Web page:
The proposed method uses a pattern recognition based approach to train the classifier based on supervised learning. A back propagation multilayer perceptron neural network is accomplished to classify the pixels present in the fissures and non-fissure regions. The ground truth for fissure segmentation is obtained from the human observer. The results of the supervised classification are matched with the ground truth to validate the accuracy.

A supervised classification method consists of two phases, training phase and test phase. In the training phase the system is trained with known input and expected output and in the testing stage the system is applied to unknown data. In the training stage, the classifier is trained with the feature set calculated for the pixels sampled from the training data set. The trained classifier is then applied to classify unseen test data set. The ground truth required for training the classifier is provided by an expert radiologist.

The method overcomes the necessity of manual intervention required in training the classifier used in the existing conventional methods. The manual selection of training data is time consuming and tedious. The classifier has to be trained for new set of input data and the accuracy of the method lies on the training of the classifier. The proposed method adopts back propagation multilayer perceptron neural network for classifying the pixels on the fissure region. The back propagation network propagates the error backwards to adjust the weights of the neurons in the hidden layer. The weights are adjusted until the mean square error reaches the validation point. The manual intervention necessary for training is avoided and the classifier can be applied for new training data set as well.


Preprocessing of the input lung CT image is done by applying contrast enhanced adaptive histogram equalization (CLAHE). CLAHE is applied to remove the artifacts present and obtain a uniform contrast limiting, thereby avoiding the over contrast problem of AHE. The CLAHE algorithm calculates the histogram of the image by dividing the image into specified grid size. For each of the grid specified, a grid point is identified in the image starting from the top left corner. Histogram is calculated for each of the grid point with respect to the region around it. The histogram obtained is then clipped considering the clip-limit and a new histogram is constructed to calculate Cumulative Distribution Function (CDF). Each pixel in the image is considered and the CDF is calculated. A mapping is done for each of the pixel at the four closest grid points based on their CDF. Interpolation of the values is done to get the mapping at the current location and values are assigned to the current pixel. The resulting image after preprocessing is as shown in (Figure 3).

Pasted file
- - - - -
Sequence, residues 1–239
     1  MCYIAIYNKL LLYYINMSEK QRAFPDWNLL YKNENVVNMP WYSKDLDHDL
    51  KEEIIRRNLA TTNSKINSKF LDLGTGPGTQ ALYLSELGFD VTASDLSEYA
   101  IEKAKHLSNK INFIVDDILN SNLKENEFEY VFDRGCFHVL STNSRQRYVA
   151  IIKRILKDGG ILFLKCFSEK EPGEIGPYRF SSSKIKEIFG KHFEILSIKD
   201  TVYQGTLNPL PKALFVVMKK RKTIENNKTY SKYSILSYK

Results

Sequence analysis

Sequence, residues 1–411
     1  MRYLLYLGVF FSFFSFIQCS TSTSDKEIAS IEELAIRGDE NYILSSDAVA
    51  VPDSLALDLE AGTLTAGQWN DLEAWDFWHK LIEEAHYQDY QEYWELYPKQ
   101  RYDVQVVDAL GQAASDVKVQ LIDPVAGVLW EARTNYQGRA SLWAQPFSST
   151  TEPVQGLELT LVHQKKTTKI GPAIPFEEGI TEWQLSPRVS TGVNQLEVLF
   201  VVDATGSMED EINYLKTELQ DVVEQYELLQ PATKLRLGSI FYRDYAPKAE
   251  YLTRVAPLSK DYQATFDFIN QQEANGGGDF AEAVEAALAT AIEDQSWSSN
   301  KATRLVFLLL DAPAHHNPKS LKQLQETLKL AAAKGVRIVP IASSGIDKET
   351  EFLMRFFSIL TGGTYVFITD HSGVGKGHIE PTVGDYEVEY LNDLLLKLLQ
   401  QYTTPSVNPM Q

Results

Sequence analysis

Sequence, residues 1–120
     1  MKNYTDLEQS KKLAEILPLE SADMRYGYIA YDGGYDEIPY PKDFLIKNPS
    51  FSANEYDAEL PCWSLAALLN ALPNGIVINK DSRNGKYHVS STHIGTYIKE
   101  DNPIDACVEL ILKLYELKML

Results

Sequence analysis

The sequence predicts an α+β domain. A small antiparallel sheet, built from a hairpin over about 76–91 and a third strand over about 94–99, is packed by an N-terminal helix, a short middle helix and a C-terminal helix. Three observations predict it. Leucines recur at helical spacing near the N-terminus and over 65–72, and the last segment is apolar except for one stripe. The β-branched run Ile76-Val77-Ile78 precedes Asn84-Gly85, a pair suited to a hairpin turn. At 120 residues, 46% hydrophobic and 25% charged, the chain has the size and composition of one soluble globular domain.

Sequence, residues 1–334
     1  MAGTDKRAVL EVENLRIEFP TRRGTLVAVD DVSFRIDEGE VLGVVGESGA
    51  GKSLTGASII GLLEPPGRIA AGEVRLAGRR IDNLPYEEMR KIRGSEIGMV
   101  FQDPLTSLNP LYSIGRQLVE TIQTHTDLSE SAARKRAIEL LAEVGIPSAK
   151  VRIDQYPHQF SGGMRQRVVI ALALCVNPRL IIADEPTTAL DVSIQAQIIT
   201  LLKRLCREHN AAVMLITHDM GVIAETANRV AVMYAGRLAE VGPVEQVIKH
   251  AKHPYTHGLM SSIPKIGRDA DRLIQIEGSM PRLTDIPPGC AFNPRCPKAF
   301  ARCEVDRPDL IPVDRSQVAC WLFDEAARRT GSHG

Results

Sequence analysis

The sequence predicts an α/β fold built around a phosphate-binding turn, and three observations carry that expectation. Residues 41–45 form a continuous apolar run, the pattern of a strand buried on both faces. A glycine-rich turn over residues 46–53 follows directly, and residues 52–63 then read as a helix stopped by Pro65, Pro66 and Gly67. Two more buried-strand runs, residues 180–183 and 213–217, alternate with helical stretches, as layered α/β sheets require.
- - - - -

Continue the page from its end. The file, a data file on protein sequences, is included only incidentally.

Figure 3: a) Original image b) Pre-processed image.

Feature Set Extraction

The seisThe segmentation of an image is the process of classifying the pixels as belonging to different homogenous regions. The pixels are characterized by certain features and this feature set extraction is essential for training the classifiers. In the proposed work, four different features similar to the work proposed by (Eva, et al., 2008) are analyzed to obtain the feature set.

Second Order Gaussian Derivatives

The second order Gaussian derivatives are calculated to highlight transition in intensity and detect edges. The isotropic filters are rotation invariant and they are independent of the direction of the discontinuities. It gives a zero value in constant intensity areas and non-zero along a change in the intensity value. The Gaussian derivatives of the image f(x,y) is given by

s(x,y) = f(x,y) * g(x,y) where,       (1)

g(x, y) = 1⁄2πσ2 e−(x2+y2)/2σ2       (2)

The second order derivatives are calculated at different σ values 1,3,5,7 and totally 24 values are obtained. L,Lx, Ly, Lxx, Lyy, Lxy are the second order derivatives obtained to extract the features of the pixels in the training set.


The gradient of an image gives the directional change of intensity. The gradient of the image gives information about the intensity change and is used in edge detection. Given the original image I, the gradient change in horizontal and vertical directions are given by convolving the image with 3 × 3 kernels.

Equation (3)

Equation (4)

The change in intensity from the fissure region to non-fissure region is calculated to extract the features of pixels on fissure region.

Eigen values of Hessian matrix

Hessian matrix is a square matrix giving description of second order partial derivatives of a function. Considering the plate like structure of fissure, the eigen values are extracted from the directional information of the curvature. The three eigen values λ0, λ1 and λ2 denote the principal direction of the local curvature (Eva van M. Rikxoort et al., 2009) in a 3-D image. The eigen value of the curvature perpendicular to the fissure is large and the other two eigen values parallel to the fissure plate are small. λ0 is considered to be large at a fissure, as one moves the Hounsfield unit changes from low to high to low. λ1 and λ2 values are low as the fissures is constantly plane. The fissure pixels are differentiated from nonfissure pixels based on the information from the above three eigen values. In our proposed work, we consider Eigen values λ0 and λ1 for a 2-D image.